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How much are you worth?


IIBA has just sent out our 2019 salary survey where we’ll look at the ecosystem in place for today’s business analysis professional. Our profession has a myriad of job titles, so the title of Business Analyst doesn’t mean the same thing that it did years ago. We’re now looking at the discipline of business analysis rather than the job title or role.

If I remember way back to when I started my business analysis career, people thought that projects failed because of incomplete or poorly understood requirements. I think that statistics such as this were at the foundation of our profession, but I think they got it wrong; it wasn’t poorly defined requirements, it was poor analysis. That report issued in 2003 or so, saw the profession grow and if you look at the statistics in our latest survey, I think businesses continue to find value in the work we do.



They must find value, because when I look at last year’s survey the salary of the practitioner is going up. Certified practitioners make on average 8% more than non-certified ones because organizations see the value of the analysis skills they deliver.

The 2018 survey also shows that on average female practitioners make more money than their male counterparts. Women are excelling in the profession and are taking on more and more key areas which can only help up and coming practitioners. Most of the business analysts that I looked up to in my career are female - Barb Carkenord, Kitty Hass, Kathleen Barret, Ellen Gottesdiener, and Angela Wick. They’re all BA heroines of mine.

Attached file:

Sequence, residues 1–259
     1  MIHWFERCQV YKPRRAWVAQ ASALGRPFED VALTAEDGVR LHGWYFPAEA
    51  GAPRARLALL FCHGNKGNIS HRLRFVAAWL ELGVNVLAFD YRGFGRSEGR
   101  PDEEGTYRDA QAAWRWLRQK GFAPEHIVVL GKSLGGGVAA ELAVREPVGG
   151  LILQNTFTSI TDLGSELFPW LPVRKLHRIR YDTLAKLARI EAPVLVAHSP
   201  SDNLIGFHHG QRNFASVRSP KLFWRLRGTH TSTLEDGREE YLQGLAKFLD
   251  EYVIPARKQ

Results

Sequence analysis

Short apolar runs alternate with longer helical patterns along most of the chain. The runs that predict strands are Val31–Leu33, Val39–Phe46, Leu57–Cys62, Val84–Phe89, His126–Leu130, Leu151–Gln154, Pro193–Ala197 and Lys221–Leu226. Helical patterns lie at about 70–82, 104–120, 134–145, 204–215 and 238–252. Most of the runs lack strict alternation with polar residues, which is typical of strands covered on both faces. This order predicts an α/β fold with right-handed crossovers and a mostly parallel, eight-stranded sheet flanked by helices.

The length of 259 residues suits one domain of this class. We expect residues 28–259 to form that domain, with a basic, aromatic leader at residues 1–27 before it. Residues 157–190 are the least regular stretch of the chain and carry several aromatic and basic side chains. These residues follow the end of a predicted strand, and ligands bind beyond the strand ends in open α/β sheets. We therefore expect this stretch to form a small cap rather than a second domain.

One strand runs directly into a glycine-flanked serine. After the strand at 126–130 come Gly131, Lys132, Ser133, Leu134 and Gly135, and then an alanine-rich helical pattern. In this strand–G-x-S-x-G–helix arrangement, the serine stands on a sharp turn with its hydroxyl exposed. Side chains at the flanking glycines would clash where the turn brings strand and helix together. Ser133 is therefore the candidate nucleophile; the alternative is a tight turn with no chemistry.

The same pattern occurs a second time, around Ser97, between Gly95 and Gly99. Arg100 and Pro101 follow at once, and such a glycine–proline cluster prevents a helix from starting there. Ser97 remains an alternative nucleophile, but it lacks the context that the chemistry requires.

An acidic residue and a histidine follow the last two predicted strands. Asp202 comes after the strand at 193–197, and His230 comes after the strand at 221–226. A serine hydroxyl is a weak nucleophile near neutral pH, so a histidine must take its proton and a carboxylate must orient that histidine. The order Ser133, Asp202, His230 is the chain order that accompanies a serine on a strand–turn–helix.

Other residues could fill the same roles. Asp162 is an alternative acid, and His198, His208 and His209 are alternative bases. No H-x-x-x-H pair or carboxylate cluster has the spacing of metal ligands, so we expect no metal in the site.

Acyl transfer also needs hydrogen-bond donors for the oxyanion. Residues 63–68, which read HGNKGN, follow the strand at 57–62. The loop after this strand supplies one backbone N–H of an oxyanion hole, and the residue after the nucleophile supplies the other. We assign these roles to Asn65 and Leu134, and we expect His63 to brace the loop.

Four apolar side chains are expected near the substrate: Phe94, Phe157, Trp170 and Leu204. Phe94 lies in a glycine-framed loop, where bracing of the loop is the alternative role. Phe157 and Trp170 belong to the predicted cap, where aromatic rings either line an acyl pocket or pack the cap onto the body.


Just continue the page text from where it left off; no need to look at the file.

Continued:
A key concern of mine is the development of new analysts. I’ve heard a few people say that they can’t get BA experience without a job, and they can’t get a BA job without experience. However, the 2018 survey states that 42% of people taking the survey have less than 3 years’ experience. That bodes well for the profession as we continue to bring on new analysts.

The new survey has just been released and I hope you’ll take the time to put your mark on it. I’ve always seen the glass as being half full, and for us and our profession there is a lot of optimism and opportunity ahead!



About the Author

Jared loves being a Business Analyst and has done so in title for over 15 years with over 25 years of business leadership experience in both the retail and energy sectors. He is a strong advocate for IIBA, having served in various capacities with the Calgary IIBA Chapter as well as chairing the Volunteer Chapter Network. He brings his passion for business analysis and experience as a Chapter Leader to the role of Director of Chapter and Membership Engagement of IIBA.

He holds his Bachelor of Arts degree in French from the University of Calgary and the Certified Business Analysis Professional™ (CBAP®) designation. He will take any chance possible to evangelize business analysis and will talk your ear off about the role and the profession should you allow him to do so.